A continuing series on wine labels, and the wines that wear them, under the macro lens.
I love to take photos of pieces of things with my macro lens — pieces of wine labels seemed like a natural extension of that inclination. It’s a lot of fun to see the colors, and especially the textures, on a wine label that you wouldn’t ordinarily see (or maybe even notice). It’s almost as fun as drinking the wine. Almost. So, I thought . . . why not stitch the photos together into a quilt?
Voila! My week in wine labels.
Recognize any of these guys?
Another monochrome wine week at Haus Armchair Sommelier.
Sea Smoke Chardonnay 2010 ⭐⭐⭐⭐/ 91
From the Santa Rita Hills AVA in central California. The Sea Smoke vineyards are located in cool micro-climate of the Santa Ynez River (the valley is cooled by Pacific Ocean fog). If you’re into maps, this might be the coolest vineyard map I’ve ever seen. The Sea Smoke label is simple, elegant calligraphy (the sea-smudge is an unknown contributor from my wine fridge).
Several years ago, I had the opportunity to walk the Sea Smoke Vineyards with their (then) vineyard manager. He brought a bottle of Sea Smoke Chardonnay for us to taste as we walked. I didn’t know it then, but that was my first brush with biodynamic wines. Back then, I just thought he might be a little crazy-pants. He told us about how they collect female cow dung because it offers a more favorable energy to the vines (I am not making this up). And then he told us about the enhanced gophers. But the vineyards were spectacular, and the Chardonnay was pretty terrific (it tasted like sunshine, with a hint of gopher on the back-end).
The 2010 vintage is another elegant expression of a cool climate Chardonnay. A precise parade of acidity, stones, flint, apples and toast. Not quite as much gopher. $55.
Wagner Stempel Höllberg Riesling GG 2013 ⭐⭐⭐⭐/ 92
From the Rhinehessen region of Germany. Wagner Steeple was founded in 1845, and today is run by the ninth generation of the Wagner Family. This is a dry Riesling (the GG means Grosses Gewächs, or great growth, and is used to indicate a dry wine from a top-level vineyard) from the Höllberg vineyard, which is formed from volcanic rocks. The column on the label mimics the vaulted interior of Wagner Stempel’s tasting room. I love the simplicity of the pencil sketch.
I thoroughly enjoyed this wine. Bracing acidity, restrained and powerful at the same time. Slightly more tropical than I’d expect for a German GG Riesling. Loads of peach and mango, but the acidity and balance is superb. More, please. $55.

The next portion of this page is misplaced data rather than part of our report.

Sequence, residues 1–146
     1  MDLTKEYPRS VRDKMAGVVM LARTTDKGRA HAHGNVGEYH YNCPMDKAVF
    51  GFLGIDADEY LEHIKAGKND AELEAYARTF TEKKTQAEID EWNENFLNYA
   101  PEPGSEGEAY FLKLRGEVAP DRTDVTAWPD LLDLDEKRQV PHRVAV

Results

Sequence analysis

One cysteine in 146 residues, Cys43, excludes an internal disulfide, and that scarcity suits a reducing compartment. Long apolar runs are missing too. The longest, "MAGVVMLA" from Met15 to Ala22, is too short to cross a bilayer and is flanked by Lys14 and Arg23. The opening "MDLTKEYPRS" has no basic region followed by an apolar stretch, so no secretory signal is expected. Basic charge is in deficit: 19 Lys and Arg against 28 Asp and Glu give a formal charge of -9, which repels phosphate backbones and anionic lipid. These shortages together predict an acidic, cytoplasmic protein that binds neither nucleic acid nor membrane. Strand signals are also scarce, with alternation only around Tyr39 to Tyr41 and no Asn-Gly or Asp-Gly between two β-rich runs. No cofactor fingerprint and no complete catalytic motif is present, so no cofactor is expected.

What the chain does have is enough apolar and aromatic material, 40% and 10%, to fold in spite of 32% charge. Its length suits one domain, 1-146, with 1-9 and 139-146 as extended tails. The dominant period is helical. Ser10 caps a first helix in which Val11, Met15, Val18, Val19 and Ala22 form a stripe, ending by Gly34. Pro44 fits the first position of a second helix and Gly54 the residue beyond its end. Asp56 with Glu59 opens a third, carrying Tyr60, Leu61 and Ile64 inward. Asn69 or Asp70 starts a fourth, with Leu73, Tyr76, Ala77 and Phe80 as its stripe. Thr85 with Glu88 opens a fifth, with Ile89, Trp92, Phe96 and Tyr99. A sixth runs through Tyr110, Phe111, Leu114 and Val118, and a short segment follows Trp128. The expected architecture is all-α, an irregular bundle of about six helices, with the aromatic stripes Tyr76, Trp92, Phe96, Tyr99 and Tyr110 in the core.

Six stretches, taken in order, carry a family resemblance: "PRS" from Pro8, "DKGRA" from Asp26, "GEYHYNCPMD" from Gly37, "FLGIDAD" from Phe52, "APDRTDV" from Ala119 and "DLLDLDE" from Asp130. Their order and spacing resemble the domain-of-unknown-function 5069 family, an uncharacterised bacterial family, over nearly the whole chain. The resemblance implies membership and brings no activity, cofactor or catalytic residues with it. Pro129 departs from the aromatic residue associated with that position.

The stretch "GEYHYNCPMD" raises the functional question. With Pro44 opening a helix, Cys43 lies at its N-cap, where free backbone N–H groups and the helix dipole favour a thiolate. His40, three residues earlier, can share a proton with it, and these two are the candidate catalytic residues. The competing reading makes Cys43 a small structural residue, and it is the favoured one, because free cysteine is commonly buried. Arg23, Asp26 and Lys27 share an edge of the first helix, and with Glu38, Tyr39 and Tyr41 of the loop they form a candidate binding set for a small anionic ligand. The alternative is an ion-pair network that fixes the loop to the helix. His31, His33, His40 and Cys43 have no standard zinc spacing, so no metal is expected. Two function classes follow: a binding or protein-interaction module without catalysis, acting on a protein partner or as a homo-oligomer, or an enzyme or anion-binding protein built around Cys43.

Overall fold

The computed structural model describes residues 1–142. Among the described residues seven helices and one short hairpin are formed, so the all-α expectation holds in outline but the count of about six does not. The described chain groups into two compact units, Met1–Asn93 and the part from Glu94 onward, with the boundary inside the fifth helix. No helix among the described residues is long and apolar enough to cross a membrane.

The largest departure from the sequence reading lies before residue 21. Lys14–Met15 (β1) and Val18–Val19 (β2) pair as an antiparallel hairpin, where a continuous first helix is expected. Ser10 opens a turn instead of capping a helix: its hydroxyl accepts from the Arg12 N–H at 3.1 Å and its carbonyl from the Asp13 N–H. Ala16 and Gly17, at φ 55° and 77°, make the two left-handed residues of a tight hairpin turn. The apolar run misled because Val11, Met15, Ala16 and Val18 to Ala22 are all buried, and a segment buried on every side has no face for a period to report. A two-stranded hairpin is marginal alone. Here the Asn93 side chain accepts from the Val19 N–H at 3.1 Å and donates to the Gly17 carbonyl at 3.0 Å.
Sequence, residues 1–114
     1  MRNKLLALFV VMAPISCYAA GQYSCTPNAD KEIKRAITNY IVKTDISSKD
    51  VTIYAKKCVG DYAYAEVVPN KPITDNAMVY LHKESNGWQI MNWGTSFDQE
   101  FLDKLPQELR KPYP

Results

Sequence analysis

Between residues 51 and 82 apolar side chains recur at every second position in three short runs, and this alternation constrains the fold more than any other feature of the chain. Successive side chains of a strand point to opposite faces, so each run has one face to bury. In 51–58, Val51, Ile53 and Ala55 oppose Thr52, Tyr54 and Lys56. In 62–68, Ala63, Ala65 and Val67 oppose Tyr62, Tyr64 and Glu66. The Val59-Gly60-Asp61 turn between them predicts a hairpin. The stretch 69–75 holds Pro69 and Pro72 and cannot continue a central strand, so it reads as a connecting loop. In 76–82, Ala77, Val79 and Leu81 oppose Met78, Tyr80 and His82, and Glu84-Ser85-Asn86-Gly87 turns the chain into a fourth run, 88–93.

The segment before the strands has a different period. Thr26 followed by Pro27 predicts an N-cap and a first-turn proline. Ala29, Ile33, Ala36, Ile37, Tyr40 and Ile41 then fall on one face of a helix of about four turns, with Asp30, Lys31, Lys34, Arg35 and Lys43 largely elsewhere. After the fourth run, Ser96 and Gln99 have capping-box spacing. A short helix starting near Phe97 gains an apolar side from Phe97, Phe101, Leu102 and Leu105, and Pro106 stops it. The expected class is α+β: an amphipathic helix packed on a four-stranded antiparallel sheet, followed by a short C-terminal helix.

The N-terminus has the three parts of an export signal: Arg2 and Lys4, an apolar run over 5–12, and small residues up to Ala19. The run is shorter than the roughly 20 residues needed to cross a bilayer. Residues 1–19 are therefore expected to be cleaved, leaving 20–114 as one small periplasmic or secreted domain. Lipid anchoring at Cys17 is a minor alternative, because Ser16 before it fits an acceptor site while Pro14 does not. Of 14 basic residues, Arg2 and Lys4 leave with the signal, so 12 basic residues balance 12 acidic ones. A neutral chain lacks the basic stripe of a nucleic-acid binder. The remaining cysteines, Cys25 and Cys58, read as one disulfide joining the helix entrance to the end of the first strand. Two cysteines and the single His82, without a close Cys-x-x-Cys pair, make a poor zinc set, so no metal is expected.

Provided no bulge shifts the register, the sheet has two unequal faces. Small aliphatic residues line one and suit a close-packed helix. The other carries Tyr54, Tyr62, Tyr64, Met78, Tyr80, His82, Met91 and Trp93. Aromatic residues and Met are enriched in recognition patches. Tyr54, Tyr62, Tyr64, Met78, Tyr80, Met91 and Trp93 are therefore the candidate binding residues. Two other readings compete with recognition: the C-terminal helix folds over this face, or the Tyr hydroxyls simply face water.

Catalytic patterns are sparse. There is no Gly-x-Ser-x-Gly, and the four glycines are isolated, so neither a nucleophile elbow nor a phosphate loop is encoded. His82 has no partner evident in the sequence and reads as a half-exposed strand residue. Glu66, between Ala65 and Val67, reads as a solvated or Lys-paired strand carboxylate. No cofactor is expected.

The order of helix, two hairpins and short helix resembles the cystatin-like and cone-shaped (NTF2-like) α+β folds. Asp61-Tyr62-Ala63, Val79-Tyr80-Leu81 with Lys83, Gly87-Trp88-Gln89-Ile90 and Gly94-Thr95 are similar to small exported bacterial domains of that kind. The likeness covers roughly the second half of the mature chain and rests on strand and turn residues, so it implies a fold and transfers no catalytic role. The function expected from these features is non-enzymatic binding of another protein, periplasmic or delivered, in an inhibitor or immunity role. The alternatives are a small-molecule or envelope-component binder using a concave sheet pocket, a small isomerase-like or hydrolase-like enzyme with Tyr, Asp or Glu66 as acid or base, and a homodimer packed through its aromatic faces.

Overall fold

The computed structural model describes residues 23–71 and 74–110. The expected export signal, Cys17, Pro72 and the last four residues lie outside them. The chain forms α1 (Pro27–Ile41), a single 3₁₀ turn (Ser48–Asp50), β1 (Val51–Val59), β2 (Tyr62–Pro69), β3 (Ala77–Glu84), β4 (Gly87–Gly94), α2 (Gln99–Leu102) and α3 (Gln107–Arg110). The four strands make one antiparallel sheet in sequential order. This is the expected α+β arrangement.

Maison Louis Jadot Pommard 2005 ⭐⭐⭐/ 88
Louis Jadot has vineyard holdings all over Burgundy. This bottle is from the Côte de Beaune region of Burgundy, specifically from the village appellation of Pommard (there are no Grand Crus in Pommard), which is for red wines only, specifically Pinot Noir. The name Pommard is a nod to Pomona, the Roman goddess of fruit trees. And that’s our friend, Bacchus, on the label. All of the Maison Louis Jadot wines (whether they are a simple Bourgogne or a Grand Cru) have the same image on the label. Someone at Louis Jadot did their marketing homework.
A pretty nifty village wine. Garnet color with a sort-of orangish halo. My overall impression is an earthy funk — tea, leather, mushrooms, maybe even a bit gamey. The finish is a little abrupt, but overall, pretty nifty. $40ish.
Kosta Browne Sonoma Coast Pinot Noir 2009 ⭐⭐⭐⭐/ 93
As far as success stories go, Kosta Browne is a pretty good one. In a nutshell, two guys (Dan Kosta and Michael Browne) save their tip money and open a winery. They make some kick-ass Pinot Noir and sell it direct to their mailing list. The mailing list quickly sells out, and is now a waiting list about 7 miles long (you’re looking at 2-3 years for the Pinot blends, and another 3-5 years for the single vineyard stuff). I honestly can’t remember why Kosta Browne came onto my wine-radar, but I feel pretty smart jumping on their mailing list when I did. My allocation is puny, but I buy the whole thing every year. And, after several years of faithful buying, I’ve just been rewarded with an offering (a tiny one) of their single-vineyard Pinots. Wheeee!
We opened this bottle for Thanksgiving dinner. This was Wine Spectator’s 2011 Wine of the Year, and it has a mountain of other accolades, as well. So smooth and elegant. It’s beautifully structured and balanced. So much to think about in this bottle — plums, cherries, cranberries, cocoa, rose petals. But what keeps me coming back for more KB each year is the approachability — there’s a smoothness and elegance in these wines that just curls my toes!
Oh! The label. I looked and looked for information on the impetus for the now wildly-recognizable grape cluster on the Kosta Browne label. I came up with zippy. So if you know . . . please, enlighten me!